Finance Minister Pranab Mukherjee and US Treasury Secretary Timothy Geithner signed an agreement on Tuesday to launch a comprehensive economic partnership to boost their bilateral engagement, with key focus on micro-finance and infrastructure development.
The agreement, similar to the one the United States has with China, comes days after Geithner delayed publication of an annual currency report for which US legislators had demanded that China be named a currency manipulator.
United States Congressmen have argued that Beijing deliberately holds down the value of yuan to boost Chinese exports. Geithner has sought to nudge the Chinese to revalue the yuan by pegging it to a basket of currencies but, according to Chinese analysts, the value of the yuan will be determined by China's domestic economic compulsions and not US pressure.
Geithner, who spent five years of his childhood in India and has a reputation as an achiever, has publicly stated his appreciation for the way India has managed its economy to swiftly tide over the worldwide recession and maintain a high growth rate.
The US has begun to emerge from the recession, recording growth levels over the past three quarters, but unemployment levels remain unacceptably high, so the Obama administration is looking to generate employment through large-scale spending on infrastructure and healthcare.
The launch of the US-India Economic and Financial Partnership on Tuesday is significant because the two countries have traditionally been wary of opening up their markets and services to each other.
It took almost 20 years for the United States to lift a ban on imports of Indian mangoes, for example, and the civil nuclear cooperation deal, which would allow energy-deficient India access to not only nuclear but a host of advanced technologies, has still not cleared all the legal hurdles.
Increasingly, US companies are looking to the Indian market to expand their profiles.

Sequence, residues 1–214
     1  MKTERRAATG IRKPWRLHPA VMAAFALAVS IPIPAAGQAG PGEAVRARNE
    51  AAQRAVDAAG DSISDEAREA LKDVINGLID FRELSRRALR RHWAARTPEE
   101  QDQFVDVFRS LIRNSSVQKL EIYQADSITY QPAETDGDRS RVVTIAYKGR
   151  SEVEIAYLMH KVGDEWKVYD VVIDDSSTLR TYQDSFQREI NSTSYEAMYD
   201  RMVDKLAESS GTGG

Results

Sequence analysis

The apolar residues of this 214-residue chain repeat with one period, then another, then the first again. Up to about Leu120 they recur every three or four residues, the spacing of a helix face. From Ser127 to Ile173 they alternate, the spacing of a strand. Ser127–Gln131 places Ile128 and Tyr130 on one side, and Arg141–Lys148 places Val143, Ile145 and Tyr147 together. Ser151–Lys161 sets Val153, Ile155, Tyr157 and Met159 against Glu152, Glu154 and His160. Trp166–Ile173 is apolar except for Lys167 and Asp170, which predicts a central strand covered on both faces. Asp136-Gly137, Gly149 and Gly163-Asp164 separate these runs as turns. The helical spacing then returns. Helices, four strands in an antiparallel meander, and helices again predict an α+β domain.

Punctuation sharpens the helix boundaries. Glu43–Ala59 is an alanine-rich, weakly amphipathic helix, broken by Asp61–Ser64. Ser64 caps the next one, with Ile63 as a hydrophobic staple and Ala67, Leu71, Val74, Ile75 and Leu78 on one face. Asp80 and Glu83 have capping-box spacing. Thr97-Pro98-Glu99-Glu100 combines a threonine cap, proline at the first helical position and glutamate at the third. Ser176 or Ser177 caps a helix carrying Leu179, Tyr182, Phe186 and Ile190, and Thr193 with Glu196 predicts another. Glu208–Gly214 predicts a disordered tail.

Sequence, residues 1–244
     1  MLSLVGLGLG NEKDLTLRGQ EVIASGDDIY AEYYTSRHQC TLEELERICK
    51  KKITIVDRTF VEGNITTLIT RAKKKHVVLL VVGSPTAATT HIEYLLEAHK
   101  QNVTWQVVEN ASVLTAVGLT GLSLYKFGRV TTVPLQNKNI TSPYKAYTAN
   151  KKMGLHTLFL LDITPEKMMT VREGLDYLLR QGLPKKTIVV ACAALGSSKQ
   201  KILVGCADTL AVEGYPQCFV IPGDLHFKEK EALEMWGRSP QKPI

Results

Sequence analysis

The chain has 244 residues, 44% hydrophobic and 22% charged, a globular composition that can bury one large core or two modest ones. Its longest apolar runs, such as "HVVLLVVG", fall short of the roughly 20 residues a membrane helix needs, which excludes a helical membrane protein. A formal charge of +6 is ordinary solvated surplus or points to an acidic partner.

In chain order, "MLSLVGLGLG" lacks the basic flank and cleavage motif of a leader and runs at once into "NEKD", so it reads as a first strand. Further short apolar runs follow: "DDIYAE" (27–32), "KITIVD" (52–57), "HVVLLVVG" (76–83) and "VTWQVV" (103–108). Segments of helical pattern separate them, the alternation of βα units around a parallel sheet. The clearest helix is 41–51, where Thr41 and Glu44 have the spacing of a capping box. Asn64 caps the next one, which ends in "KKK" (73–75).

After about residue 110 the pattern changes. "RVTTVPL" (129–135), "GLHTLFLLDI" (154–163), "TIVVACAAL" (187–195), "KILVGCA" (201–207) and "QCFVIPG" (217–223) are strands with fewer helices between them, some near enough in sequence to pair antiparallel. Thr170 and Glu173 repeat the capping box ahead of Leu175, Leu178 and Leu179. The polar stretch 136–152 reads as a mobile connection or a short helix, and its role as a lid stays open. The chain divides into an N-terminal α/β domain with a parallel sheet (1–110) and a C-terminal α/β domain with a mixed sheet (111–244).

After meetings with Prime Minister Manmohan Singh and Mukherjee, Geithner sought more widespread economic engagement with India,saying the ability of the US and India to cooperate was critical to creating a more stable global financial system.
The two countries have been closely cooperating within the G-20format.
"Ourability to cooperate on economic financial issues will be critically important to the success of global efforts to create conditions for a more stable global financial system... a more open global trading system," Geithner said, adding that President Barack Obama remains committed to strengthening US' relationship with India, which he said was "an indispensable partner in securing the future prosperity and security of the world."
Ina statement at a joint press interaction with Mukherjee in New Delhi Geithner said, "We face many challenges in common, such as how... to extend financial services more broadly to people outside the traditional banking system, how to finance our very substantial public infrastructure needs... and effectively leverage private money."
Singh has said India would need to spend $1 trillion for infrastructure development in the next plan period between 2012 and 2017. The US has separately been demanding greater access to the Indian financial services market, including insurance -which could help fund infrastructure development. At present, foreign direct investment in India's insurance sector is capped at 26 per cent.
"The discussion held today focused on global development with a special emphasis on US and Indian economies including monetary and fiscal policies, financial sector regulations and managing capital flow, infrastructure finance and Public Private Partnership," Mukherjee said, emphasising that talks focused on three broad areas --
Today's partnership agreement "envisions annual Cabinet level meeting at finance minister and US treasury secretary level," Mukherjee said, to be "supplemented by sub-Cabinetlevel meeting and meeting of the working groups."
Image: Finance Minister Pranab Mukherjee (L) and US Treasury Secretary Timothy Geithner attend their joint media conference in New Delhi April 6, 2010. | Photograph: Adnan Abidi/Reuters